former student and a bookstore owner in the group-but they felt more like
Andre's group met weekly, trading
off whose work would be read out loud and discussed. This made for long
evenings, and since I lived an hour away from Andre's home, I sometimes
found the meetings a burden on top of my other obligations. Still, I felt
lucky for the group. I had recently returned to Boston after eight years
away, and I didn't know many people in the area-save for my parents' friends.
Now I had the people I'd met at Andre's.
I wasn't entirely sorry, though, when
an illness in the family gave me an excuse not to make the weekly trips.
I was tired, and though I liked everyone in the group, something about
our collective dynamic made me edgy and competitive, though not in a literary
way. Mostly I felt competitive about being interesting. During our meetings,
if I was-or tried to be--interesting, I felt narcissistic and foolish
when I returned home, and if I didn't make an effort, then I felt rather
worthless. My problem, I know, and not the group's. It may, oddly, have
been because of something I liked: how funny people could be. Most evenings,
the person whose work was slated to be discussed had a habit of apologizing
for the piece, in advance. Often, there would be some ribbing about the
disclaimer, before we listened to the story. Once, someone even wrote
out his disclaimer-a hilarious bit of self-deprecation that was so clever
that we decided we'd workshop the disclaimer instead of bothering with
I was in my late twenties, when I was
in Andre's group, and in those days I wasn't at a point where I
could make effective use of criticism. When I read work to the group,
what I wanted-what I wanted more than anything-was to be told that I was
a good writer. And in fact the set up of the group-where we listened to
work, without a copy of the manuscript in hand-made in-depth criticism
difficult, though people did make suggestions. Andre, for all his
virtues, wasn't a real critic. Sometimes, after we were all through discussing
a piece, he'd look up puzzled, as if to say, What had we done? With our
questions and remarks? It was hard to write.
Andre's group disbanded and reformed, not long after I left. And
then I found my group, the one that truly worked for me. There were four
of us, all already good friends. Two of us came from Andre's group-Jessica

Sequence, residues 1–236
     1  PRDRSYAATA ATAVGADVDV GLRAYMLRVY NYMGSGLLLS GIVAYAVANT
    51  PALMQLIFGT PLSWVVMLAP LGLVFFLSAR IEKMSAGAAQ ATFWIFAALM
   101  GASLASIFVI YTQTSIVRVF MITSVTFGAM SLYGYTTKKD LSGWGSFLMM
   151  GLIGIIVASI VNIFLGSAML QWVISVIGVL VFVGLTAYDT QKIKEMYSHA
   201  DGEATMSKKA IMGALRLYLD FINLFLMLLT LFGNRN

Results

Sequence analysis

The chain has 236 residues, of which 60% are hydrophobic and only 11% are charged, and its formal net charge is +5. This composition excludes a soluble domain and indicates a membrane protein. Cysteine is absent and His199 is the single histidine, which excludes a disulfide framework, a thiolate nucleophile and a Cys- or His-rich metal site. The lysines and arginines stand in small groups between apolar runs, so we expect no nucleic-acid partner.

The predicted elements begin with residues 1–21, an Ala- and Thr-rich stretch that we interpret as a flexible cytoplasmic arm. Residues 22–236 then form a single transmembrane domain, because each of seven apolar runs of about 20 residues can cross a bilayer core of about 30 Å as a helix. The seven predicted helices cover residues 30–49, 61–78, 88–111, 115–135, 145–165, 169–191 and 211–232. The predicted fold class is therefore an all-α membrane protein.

Treadway and myself. A third member, Elizabeth Searle, and I shared an
office at Emerson College. As for the fourth: one evening, Jessica and
I went to hear Chris Tilghman, another friend from Andre's group,
read at the Cambridge Public Library. Local writers whose work had been
published in that year's edition of Best American Short Stories were being
featured. After Chris, a woman named Joan Wickersham read, and we so loved
her story that we went over and introduced ourselves. I'm not quite sure
who had the idea of forming a group, or even if Jessica, Joan and Elizabeth
had connections with each other, independent of the ones I knew about.
I imagine they must have, for just before our first meeting, The Boston
Phoneix ran a page-size photograph of Joan, Elizabeth and Jessica, each
holding a copy of her first book.
As a joke, I pencilled a stick figure version
of myself into the group, only I was holding Harold and the Purple Crayon.
I did feel like the least accomplished member of the group. Also, like
the least talented writer, but rather than seeming threatening, this now
seemed thrilling. I'd learn so much. I was clearly in a better frame of
mind to be in a writers' group than I had been before. The ability to
revise, according to screenwriter Nora Ephron, is a developmental stage.
It certainly was for me, for what I wanted now was direct and pointed
criticism. I didn't want my feelings spared either. I wanted to know what
I needed to do to improve my work. And that's exactly what I got.
The Three Critics
As critics, each of the members of my group had different virtues. Joan
was good at the big picture, making broad comments about where work went
astray. Jessica was good at articulating a piece's psychological inaccuracies
(and its overall strengths). Elizabeth was the best line editor and the
best about reminding me that characters were fleshy beings, and as such,
shouldn't be left too long without a sensation about what things looked
or smelled or felt like. All three made imaginative suggestions about
where a work might go. In other groups, I've always had to weigh criticism:
was so-and-so really right? Could I trust that opinion? With Joan, Jessica
and Elizabeth, I simply agreed. Sometimes unhappily--when I felt lazy,
when I wanted to think I was through working on something--but always